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I am new to this site. Can anyone tell me how to differentiate between DCC and ‘ordinary' locomotives?
Andrew.
 

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If in its correct box locos those which can be fitted with a DCC decoder will have boxes marked as DCC Ready but otherwise are an "ordinary" model. Those already fitted with decoder should be marked DCC fitted / DCC Sound or similar and the underside of the loco often has a similar marking. Visually there is no difference and many locos are offered both as DCC Ready and DCC Fitted and/or DCC Sound.
 

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Now this can be a real issue, what BH says above is quite right - but if you buy a secondhand loco or one which has been shop used it may be a loco boxed as DCC ready yet has been fitted with a decoder or one which says DCC fitted and the decoder has been removed, in some cases the decoder may be there but blown.

Now this gets dangerous, a loco with a decoder can be blown on non dcc track and a loco without a decoder is likely to go to the races at top speed (as it supplies about 18(volts) on dcc equipped track.

Your remedy here is to look at the servicing sheet and open up the beast and so it is either in the tender or the loco, open up the location and then pull out the decoder or the blanking plug, if you have a decoder tester such as the ESU that is the best way to see if it is OK if you find a decoder in which case you can program this to whatever code you wish it to respond to if going dcc

NEVER EVER mix decoder locos with non decoder locos - either way
Also be aware to code up on the main track you will also code all the other locos on the track to that same number so use a prog track.
Get an ESU tester - worth the pennies and test on that but connect it to the prog track output (I speak about Roco Z21) other systems should be similar and code it before fitting to the loco.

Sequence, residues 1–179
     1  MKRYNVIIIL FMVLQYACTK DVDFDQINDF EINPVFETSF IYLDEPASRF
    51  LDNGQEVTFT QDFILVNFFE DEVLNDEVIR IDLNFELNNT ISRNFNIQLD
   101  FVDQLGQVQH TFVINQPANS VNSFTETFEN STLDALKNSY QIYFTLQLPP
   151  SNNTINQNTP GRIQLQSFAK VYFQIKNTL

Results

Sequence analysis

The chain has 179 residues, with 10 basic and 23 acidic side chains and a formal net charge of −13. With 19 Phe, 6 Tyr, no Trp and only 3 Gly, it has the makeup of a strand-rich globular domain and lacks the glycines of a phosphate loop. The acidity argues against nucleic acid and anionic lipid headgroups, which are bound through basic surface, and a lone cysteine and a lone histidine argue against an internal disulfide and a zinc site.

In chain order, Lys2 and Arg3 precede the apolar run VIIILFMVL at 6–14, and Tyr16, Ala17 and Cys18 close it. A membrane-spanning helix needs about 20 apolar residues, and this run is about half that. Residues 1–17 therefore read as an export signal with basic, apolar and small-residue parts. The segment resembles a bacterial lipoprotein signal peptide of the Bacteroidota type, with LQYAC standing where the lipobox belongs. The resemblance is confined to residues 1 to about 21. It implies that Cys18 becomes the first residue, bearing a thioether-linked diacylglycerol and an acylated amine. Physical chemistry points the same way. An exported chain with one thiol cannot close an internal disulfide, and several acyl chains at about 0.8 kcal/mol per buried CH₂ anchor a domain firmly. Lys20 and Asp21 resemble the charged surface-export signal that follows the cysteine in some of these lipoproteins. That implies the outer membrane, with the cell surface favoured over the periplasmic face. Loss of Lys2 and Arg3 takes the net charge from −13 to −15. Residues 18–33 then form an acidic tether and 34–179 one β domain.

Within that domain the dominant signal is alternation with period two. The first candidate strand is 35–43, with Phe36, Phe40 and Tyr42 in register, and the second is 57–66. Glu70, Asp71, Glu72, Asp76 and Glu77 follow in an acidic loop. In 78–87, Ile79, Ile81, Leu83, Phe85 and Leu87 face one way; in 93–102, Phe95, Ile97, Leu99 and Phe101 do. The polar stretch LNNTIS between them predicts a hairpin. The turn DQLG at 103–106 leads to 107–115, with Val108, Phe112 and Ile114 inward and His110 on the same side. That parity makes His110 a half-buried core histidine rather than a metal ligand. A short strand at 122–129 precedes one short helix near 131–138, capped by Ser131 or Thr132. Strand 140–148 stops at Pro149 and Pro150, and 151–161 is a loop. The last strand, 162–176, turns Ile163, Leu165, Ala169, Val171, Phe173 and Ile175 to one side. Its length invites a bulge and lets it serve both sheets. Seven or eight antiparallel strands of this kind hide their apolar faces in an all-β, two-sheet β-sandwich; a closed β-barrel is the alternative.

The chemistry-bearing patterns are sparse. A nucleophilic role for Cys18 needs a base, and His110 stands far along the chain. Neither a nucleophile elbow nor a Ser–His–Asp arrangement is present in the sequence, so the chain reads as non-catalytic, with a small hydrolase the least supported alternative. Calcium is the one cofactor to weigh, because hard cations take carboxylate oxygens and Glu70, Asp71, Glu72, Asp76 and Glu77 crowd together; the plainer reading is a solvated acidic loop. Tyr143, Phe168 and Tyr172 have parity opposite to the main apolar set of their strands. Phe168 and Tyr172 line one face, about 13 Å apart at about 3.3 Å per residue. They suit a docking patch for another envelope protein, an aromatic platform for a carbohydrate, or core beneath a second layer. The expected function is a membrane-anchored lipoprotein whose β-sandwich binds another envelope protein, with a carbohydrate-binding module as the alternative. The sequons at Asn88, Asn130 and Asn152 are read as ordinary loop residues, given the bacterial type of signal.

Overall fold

The ESU tesater
 

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Obviously, when buying second hand, you need to check because you don't necessarily know what modifications the previous owner has made.

Now this gets dangerous, a loco with a decoder can be blown on non dcc track and a loco without a decoder is likely to go to the races at top speed (as it supplies about 18(volts) on dcc equipped track.
This isn't quite correct. A loco with a decoder will not be blown on non-DCC track - all decoders are designed to work on DC track. Where they might have a problem is if DC track has a 'Relco' (DCC and Relco Units - Model Railways On-Line) or similar high frequency continuity device (they are incorrectly sold as 'track cleaners') attached. Continuity devices typically output 50V or more which is way above the 29V NMRA spec limit of decoders.

A loco without a decoder placed on a DCC track will not race off because the track voltage is AC, not DC. You are more likely to burn the motor out. Having said that, some DCC systems such as the Lenz system do have the ability to operate a single DC loco on address zero so are more 'friendly' to non-decoder fitted locos. As time progresses, I suspect less and less systems will support this.